you had been the victim of discrimination contrary to the Ontario Human Rights
Code, you could file a complaint of discrimination with the Ontario Human Rights Commission. It was required to publicly investigate your case, and to try to
negotiate a voluntary settlement of the case with the respondent (the party
accused of discrimination).

If the Commission couldn’t resolve the case, and thought the evidence warranted a full hearing on it, it could refer the case to the Human Rights Tribunal for a full
hearing. At the Tribunal, the Human Rights Commission had carriage of the case.
In other words, it acted like a public prosecutor.

In 2006, amidst much controversy, Bill 107 privatized the enforcement of human rights in Ontario. It took away from discrimination victims their decades-old right to have non-frivolous discrimination complaints publicly investigated by the Ontario Human Rights Commission, and to have the Human Rights Commission publicly prosecute them before the Human Rights Tribunal, where the evidence warrants it.

Under Bill 107 discrimination victims now have to themselves privately investigate and prosecute their own cases before the Human Rights Tribunal. Bill 107 set up a new Human Rights Legal Support Centre to advise and represent discrimination victims. However a very troubling percentage of people who call that Centre either cannot get through on the phone, or have not been given full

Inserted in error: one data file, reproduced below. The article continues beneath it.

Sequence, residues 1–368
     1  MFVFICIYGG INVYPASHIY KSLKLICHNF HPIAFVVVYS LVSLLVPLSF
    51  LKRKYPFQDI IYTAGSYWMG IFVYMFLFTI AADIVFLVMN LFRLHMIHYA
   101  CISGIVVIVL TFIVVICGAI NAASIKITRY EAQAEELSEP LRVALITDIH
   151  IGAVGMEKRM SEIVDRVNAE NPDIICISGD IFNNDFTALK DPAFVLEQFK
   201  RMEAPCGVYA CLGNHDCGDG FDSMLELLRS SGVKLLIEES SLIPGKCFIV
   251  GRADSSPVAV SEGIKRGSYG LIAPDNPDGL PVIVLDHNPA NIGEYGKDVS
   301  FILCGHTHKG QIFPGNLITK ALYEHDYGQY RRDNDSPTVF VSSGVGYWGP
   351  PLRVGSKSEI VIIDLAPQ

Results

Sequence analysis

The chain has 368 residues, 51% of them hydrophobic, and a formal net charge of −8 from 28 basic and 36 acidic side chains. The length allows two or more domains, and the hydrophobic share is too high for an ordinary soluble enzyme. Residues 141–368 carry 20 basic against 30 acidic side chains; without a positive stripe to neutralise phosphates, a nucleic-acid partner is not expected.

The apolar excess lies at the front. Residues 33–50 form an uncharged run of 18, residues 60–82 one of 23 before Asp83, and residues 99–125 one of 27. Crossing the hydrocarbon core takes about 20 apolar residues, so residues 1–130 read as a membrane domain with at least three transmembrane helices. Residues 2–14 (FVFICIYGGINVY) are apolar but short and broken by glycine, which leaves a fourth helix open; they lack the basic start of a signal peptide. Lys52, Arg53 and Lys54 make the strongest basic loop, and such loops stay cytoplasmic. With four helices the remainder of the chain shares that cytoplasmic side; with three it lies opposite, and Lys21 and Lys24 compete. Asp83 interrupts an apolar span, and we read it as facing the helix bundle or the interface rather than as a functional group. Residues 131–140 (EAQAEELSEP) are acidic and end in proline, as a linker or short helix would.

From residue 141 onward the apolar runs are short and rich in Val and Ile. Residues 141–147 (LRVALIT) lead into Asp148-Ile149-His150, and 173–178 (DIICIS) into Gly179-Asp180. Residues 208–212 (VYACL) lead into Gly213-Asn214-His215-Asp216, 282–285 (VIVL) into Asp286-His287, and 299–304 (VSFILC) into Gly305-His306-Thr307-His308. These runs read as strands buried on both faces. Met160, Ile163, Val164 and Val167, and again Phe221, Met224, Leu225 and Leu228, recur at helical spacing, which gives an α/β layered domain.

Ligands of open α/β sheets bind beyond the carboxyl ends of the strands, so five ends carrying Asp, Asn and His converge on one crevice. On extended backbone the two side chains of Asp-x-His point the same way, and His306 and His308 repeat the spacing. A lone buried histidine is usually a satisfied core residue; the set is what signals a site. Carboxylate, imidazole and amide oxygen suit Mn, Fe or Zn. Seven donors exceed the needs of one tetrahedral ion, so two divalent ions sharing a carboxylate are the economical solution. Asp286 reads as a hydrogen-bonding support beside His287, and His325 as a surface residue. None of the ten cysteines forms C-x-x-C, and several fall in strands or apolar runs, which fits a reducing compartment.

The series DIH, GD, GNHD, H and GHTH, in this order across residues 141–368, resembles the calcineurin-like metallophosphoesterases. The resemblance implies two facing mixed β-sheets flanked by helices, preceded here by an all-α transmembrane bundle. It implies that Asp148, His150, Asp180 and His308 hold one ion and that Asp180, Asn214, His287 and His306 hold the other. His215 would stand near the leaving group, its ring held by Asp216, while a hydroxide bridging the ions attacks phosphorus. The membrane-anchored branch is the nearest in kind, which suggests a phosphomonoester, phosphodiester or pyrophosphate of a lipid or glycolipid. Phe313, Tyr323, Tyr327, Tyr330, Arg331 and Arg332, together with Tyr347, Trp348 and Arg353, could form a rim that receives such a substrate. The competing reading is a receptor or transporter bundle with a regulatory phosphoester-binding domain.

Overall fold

representation at the Human Rights Tribunal. To learn more about why the AODA Alliance and so many others opposed Bill 107 back in 2006, visit

d) The Pinto Review’s February 7, 2012 Website Posting on the Specifics of Its Public Forums and Extending the Deadline to Sign up for Stakeholder Meetings

The following was posted on the Pinto Review website on February 7, 2012:

Full posting at

2. Participation in a Public Meeting

The Review will proceed with public meetings in the locations specified at the
dates, times and locations indicated below. However, the Thunder Bay meeting
will not proceed due to low demand. If you are from the Thunder Bay area and
still wish to participate in the Review please contact the Review and an
alternative means of participation may be arranged.

For those individuals and organizations that have already made a request to make an oral presentation at a public meeting, the Review is in the process of
confirming your participation.

The public meetings in Toronto on February 15 and 24 will take place in a conference room. The public meetings in Windsor, London, Ottawa and Sudbury will be set up to facilitate all attendees (participants and observers) seated around a table. If you wish to attend such a meeting, please notify the Review if you have any accommodation requirements (if you have not done so already).